Hospital and newspapers’

reputations on the line in lawsuit

claiming ‘negligent credentialing’

Claim alleges incompetent doctor performed unauthorized and unnecessary surgery



About this series:

The Akiva Abraham stories the papers suppressed

Over the past eight years, newspapers in New York's Capital Region have run a dozen stories about disgraced former gynecologist and now state prisoner Aliva Abraham.
But there were other stories about him that those papers completely ignored.  In each case, the story was about a lawsuit, a lawsuit that names as a defendant a hospital that is a big advertiser.
Below is the first of those exclusive stories.  The others are at the following links:

FORMER DOCTOR'S LOSING LAWSUIT  Abraham sues after he was fired for misconduct

RED FLAGS MISSED  How evidence that Abraham was unfit was ignored

EDITORIAL:  Hospitals' and media's lack of scrutiny is a public threat


By David Baker

In August 2002, Samaritan Hospital in Troy received a request to renew admitting privileges for Akiva Abraham, a gynecologist with a private practice in Clifton Park.  According to both state law and the hospital’s own bylaws, this re-credentialing process required the hospital to make various inquires to confirm that Abraham was medically qualified and morally fit to practice medicine.  The process should have included checking the National Practitioner Databank for any record of malpractice lawsuits and reviewing and checking extensive information on past employment the doctor was required to provide on an application form.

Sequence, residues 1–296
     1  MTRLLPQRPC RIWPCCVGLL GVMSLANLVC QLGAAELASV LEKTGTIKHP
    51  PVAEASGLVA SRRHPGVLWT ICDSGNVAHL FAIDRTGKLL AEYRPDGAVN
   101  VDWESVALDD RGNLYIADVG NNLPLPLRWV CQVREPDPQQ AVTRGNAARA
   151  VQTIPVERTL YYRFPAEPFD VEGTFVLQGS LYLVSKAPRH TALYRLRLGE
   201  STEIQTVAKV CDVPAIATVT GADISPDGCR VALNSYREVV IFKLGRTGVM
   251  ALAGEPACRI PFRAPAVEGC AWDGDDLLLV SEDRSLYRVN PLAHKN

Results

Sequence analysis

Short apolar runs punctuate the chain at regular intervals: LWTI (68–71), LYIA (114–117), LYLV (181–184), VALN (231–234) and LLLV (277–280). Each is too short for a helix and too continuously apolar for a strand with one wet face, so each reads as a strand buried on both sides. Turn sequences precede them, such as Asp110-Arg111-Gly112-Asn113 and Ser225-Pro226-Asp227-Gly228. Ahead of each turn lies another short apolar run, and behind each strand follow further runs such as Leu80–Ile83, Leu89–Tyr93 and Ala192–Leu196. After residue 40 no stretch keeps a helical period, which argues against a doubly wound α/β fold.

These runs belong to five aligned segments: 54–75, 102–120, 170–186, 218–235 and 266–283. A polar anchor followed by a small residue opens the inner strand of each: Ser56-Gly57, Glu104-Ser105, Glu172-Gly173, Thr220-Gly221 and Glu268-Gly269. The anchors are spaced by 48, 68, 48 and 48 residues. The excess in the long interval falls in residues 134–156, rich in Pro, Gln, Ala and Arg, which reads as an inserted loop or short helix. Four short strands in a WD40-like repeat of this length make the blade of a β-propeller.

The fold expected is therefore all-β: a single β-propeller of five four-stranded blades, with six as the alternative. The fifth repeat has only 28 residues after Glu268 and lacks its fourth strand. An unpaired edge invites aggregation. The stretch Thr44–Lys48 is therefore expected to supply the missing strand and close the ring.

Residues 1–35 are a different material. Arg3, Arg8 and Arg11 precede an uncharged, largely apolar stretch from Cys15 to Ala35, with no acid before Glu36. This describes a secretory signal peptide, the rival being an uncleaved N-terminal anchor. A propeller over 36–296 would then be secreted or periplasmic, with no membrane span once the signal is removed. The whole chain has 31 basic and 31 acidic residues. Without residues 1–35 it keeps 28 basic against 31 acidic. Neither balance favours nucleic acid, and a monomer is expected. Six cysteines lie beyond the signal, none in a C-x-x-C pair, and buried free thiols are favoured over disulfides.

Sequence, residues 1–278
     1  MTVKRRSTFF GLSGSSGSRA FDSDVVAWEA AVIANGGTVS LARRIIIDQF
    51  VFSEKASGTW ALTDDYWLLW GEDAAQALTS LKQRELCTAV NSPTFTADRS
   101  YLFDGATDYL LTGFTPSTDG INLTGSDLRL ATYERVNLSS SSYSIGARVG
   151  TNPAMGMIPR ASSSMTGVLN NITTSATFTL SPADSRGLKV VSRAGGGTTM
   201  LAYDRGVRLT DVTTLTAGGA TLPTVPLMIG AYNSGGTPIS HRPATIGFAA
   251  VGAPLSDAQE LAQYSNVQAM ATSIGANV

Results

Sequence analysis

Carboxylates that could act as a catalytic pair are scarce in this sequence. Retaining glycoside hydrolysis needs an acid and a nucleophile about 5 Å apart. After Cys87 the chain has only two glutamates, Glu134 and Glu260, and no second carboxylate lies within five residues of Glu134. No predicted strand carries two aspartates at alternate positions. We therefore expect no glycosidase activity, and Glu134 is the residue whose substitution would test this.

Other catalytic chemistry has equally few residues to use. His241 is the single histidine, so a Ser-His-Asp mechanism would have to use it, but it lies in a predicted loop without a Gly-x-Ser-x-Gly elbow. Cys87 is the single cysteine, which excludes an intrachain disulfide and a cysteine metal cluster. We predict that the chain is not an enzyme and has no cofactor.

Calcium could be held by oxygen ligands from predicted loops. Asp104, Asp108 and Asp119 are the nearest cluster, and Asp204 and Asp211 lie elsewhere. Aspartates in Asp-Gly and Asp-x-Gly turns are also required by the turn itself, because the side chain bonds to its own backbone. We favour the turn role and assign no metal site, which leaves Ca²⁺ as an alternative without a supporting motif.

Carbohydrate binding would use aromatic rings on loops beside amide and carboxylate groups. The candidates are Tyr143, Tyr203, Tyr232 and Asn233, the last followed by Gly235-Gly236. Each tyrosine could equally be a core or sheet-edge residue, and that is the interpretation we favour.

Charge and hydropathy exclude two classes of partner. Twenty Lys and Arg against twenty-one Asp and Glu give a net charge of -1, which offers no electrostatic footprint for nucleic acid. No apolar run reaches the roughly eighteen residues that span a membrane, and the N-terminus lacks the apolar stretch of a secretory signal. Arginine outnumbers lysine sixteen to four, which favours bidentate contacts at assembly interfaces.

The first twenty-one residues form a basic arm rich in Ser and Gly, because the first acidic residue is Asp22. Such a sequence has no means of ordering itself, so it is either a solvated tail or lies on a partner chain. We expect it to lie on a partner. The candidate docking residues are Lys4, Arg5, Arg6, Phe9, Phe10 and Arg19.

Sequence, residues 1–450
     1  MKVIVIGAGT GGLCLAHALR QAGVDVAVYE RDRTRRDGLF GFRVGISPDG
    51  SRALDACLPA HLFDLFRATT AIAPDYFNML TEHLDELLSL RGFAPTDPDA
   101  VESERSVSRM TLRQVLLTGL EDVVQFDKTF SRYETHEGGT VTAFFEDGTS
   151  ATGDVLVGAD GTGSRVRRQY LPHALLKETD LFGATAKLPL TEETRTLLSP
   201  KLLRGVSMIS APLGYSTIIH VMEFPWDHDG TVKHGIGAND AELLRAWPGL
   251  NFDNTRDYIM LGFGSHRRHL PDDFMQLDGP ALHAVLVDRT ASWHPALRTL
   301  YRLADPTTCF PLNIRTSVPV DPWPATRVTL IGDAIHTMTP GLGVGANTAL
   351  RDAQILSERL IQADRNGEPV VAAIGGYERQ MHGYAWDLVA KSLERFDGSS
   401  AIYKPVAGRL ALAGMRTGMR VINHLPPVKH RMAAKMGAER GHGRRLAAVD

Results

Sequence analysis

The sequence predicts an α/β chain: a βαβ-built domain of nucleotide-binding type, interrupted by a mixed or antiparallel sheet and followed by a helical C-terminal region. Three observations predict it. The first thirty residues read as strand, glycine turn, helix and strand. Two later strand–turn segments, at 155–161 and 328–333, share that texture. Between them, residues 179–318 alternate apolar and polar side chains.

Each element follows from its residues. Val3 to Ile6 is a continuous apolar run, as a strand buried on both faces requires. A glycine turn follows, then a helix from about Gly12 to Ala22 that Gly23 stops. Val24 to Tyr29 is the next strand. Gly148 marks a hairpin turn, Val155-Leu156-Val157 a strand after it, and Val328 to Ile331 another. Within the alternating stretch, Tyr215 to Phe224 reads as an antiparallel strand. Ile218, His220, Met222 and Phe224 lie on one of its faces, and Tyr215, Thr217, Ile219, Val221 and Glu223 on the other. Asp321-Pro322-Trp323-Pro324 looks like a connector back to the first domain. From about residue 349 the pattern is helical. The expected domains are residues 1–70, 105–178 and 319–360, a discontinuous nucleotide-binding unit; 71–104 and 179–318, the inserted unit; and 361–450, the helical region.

Abraham’s 2002 application, like an initial one in 1998 and two further renewals in between, was approved, apparently without the hospital’s scrutiny revealing that Abraham had:

* been reprimanded and placed on probation for six months during his four-year residency at Albany Medical Center Hospital for writing an admission and medical history note indicating that that he had examined a patient when he had not seen the patient;

* been fired from a private medical practice in Troy;

* been fired from St. Mary’s Hospital in Troy for allegedly making a false entry in a medical chart;

* been named in three separate medical malpractice lawsuits – in each of which Samaritan Hospital was a co-defendant;

* allowed his malpractice insurance coverage to lapse for several months while practicing at Samaritan Hospital, despite a requirement that the hospital be given 30 days’ advance notice of any lapse of coverage;

* was under investigation by the state Office of Professional Medical Conduct, during which the office served a subpoena on Samaritan Hospital for copies of the medical records of two patients, both of whom had been treated by Abraham.

Nineteen months after his 2002 reappointment, Abraham scheduled himself to perform a biopsy at Samaritan Hospital on a then-35-year-old patient, Susan Stalker.  The procedure was to determine if a lump in Stalker’s left breast was cancerous.